us a chance to work on our strength, conditioning, and swing faults that
we can correct with indoor drills.
Last week, a student asked me for advice on weight training to help him hit
a "long ball". Here it is.
First of all, I have some background in exercise physiology, and I also
developed the training program for the GCC Golf Team when I served as
their coach in 2010 and 2011. We went from being a new sport to placing
fourth at the NJCAA National Tournament in 2011, and I attribute a whole
lot of that success to the training program. Not just the physical aspect,
but also the self discipline that was developed as a result of trudging to
the gym at 6 am for 2 hour conditioning and swing training workouts, three or
four days per week all winter long.
The game of golf favors a disciplined mind.
I've laid out three weight training programs here:
because the information was too lengthy to put in the body of this newsletter.
A Fall, a Pre-Season (Spring), and an In Season program.
Follow the instructions and you will gain the strength to hit the ball
I also included a great core workout.
BUT WAIT, THERE'S MORE ... (as they say in those infomercials)
Obviously, hitting the ball longer is also helped by a good swing,
square contact, the correct angles at impact, etc.
Those factors aside, If you simply lift and do nothing else, you will
be a stronger person that hits the ball shorter than before you started
lifting. You'll feel good, you'll look good, but you'll lose distance.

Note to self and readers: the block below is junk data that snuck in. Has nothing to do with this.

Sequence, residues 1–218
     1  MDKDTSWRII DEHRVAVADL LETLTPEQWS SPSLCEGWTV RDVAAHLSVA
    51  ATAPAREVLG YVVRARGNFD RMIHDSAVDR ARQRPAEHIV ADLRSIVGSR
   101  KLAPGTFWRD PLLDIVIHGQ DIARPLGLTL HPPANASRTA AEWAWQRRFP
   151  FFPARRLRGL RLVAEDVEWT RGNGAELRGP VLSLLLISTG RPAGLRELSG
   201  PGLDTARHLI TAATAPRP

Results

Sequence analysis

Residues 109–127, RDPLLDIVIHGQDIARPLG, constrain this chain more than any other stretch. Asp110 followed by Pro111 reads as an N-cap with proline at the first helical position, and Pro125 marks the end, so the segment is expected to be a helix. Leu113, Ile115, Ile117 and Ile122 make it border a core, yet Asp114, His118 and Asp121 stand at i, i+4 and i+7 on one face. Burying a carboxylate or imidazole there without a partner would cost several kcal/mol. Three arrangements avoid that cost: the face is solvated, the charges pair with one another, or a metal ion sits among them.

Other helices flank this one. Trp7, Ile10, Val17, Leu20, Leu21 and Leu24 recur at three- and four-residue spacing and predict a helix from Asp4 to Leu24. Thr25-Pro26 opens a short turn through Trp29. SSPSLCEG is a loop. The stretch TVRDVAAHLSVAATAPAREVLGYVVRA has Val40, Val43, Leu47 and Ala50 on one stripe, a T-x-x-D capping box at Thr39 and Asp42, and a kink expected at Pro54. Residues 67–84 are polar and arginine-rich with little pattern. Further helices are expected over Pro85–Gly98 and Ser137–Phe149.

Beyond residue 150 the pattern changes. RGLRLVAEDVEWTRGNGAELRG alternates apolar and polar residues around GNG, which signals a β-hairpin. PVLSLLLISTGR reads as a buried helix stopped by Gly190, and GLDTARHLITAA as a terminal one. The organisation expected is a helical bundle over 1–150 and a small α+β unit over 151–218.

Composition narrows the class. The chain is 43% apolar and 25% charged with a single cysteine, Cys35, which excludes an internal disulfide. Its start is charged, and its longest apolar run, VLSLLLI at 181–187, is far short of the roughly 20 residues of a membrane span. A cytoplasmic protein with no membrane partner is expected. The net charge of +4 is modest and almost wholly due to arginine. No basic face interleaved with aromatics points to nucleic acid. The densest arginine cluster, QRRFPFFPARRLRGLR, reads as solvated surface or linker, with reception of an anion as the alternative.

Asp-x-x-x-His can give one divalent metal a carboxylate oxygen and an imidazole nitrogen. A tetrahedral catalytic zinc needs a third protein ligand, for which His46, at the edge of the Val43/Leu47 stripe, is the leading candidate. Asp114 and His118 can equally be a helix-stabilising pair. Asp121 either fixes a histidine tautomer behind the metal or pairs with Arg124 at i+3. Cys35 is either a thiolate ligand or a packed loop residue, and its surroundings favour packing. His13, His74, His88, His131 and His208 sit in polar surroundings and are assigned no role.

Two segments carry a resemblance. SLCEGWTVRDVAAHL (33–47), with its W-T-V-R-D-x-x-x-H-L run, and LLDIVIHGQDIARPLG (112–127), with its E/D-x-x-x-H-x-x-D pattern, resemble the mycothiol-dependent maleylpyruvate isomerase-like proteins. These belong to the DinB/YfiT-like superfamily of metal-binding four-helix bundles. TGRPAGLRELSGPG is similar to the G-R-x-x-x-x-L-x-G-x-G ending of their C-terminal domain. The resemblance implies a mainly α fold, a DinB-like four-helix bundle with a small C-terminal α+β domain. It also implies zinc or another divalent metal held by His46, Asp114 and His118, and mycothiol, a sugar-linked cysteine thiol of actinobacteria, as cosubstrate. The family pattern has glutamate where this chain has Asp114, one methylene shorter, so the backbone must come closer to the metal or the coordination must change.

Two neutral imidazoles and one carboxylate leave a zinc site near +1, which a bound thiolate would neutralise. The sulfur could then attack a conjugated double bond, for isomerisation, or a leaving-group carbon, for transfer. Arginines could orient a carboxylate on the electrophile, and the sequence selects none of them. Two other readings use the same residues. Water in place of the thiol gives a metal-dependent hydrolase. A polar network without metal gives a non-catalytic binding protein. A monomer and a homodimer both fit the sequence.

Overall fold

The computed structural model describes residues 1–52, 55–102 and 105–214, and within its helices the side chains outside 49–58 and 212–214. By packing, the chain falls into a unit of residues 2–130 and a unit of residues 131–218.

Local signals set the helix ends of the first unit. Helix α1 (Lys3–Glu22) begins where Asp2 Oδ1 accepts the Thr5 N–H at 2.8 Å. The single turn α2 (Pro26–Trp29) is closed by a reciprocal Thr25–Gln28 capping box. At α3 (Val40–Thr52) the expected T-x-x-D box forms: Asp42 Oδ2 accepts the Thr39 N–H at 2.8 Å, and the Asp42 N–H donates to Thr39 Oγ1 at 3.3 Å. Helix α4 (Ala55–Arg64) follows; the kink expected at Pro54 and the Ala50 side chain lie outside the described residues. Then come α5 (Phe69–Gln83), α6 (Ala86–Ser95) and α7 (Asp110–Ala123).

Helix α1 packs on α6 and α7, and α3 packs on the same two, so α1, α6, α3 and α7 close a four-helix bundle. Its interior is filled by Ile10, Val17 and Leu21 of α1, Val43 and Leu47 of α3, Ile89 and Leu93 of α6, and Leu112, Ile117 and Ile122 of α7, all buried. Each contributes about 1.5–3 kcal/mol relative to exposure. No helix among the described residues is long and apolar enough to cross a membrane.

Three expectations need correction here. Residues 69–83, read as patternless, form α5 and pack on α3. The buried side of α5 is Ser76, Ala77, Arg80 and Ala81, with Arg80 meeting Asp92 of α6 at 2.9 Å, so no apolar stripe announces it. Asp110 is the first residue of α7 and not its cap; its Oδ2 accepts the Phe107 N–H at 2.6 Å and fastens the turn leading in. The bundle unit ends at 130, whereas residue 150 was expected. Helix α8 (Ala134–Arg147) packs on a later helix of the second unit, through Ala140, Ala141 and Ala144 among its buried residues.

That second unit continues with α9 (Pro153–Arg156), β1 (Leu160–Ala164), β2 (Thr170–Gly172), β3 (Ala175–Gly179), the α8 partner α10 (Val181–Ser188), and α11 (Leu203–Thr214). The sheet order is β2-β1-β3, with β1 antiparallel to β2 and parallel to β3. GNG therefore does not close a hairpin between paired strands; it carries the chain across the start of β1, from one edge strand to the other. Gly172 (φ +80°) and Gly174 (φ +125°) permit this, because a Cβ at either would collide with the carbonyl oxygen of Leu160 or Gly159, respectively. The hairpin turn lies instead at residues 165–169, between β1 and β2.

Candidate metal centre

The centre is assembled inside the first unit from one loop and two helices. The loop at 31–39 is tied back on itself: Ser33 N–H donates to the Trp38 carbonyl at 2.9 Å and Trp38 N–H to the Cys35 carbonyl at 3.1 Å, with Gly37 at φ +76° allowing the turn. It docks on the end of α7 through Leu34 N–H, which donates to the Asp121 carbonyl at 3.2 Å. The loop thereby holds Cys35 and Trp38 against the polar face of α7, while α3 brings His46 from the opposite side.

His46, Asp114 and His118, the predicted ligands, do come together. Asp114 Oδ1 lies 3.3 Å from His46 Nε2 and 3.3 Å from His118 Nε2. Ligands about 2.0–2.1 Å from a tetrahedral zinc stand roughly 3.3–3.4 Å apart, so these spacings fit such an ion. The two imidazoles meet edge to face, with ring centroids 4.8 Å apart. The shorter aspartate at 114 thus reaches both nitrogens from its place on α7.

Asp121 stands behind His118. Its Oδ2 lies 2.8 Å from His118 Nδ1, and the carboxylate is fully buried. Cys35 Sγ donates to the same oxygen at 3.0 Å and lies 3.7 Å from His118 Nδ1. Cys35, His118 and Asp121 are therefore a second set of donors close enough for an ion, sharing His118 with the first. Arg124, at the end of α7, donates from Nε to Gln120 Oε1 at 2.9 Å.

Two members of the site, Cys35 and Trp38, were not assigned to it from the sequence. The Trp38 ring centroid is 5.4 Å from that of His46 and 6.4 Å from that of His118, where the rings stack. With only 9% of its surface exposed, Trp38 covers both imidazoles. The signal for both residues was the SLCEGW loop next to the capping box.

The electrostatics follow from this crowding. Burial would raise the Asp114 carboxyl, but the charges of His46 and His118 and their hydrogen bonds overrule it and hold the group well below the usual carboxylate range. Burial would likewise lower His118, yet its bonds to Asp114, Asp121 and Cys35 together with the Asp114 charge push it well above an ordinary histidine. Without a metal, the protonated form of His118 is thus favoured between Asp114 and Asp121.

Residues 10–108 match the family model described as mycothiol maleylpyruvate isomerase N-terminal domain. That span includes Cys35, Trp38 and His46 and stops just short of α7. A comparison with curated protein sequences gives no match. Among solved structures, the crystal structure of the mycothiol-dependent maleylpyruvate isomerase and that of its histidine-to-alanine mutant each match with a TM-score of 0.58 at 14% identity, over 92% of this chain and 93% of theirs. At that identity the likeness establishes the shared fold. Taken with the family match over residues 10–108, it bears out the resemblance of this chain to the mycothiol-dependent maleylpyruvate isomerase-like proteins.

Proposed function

A weight training program must be accompanied by swing speed
drills or you swing speed will decrease - period.
You haven't inhibited swing speed by pure muscle gain or decreased flexibility
as many may imagine. It will simply be inhibited by the additional weight you've
gained through your strength program.
In next weeks' issue, I'll lay out some very simple swing speed drills
that will help anyone gain swing speed. As I said before, you'll need to
do some of these drills to maximize the gain from your strength program.
I analyzed the results from The GCC golf teams I coached, and they gained an
average of 6 mph per player with similar weight training and swing speed drills.
If you don't like - or can't do - weight workouts for some reason, the swing
speed drills will still help you gain swing speed - but likely not as much as
if you combine them with a strength program.
One more very important thought - you can increase your swing
speed tomorrow by simply thinking "Swing Fast" as opposed to
This one thought will change your swing dramatically, try it - you'll like it.
Lessons are available for all ages and skill levels, please contact
me - Tom Tucker - at (716) 474 3005 or at firstname.lastname@example.org
for more information.
Lesson rates are here: http://www.tomtuckergolf.com/lessonrates.html
Batavia Country Club - check out their spring rates
All the best, and remember: Victory Loves Preparation ~ Anonymous
Teaching Pro, Plum Creek Driving Range & Practice Facility
WGTF "Top 100 Golf Teacher"
USGTF Class "A" Teaching Professional
Cell: (716) 474-3005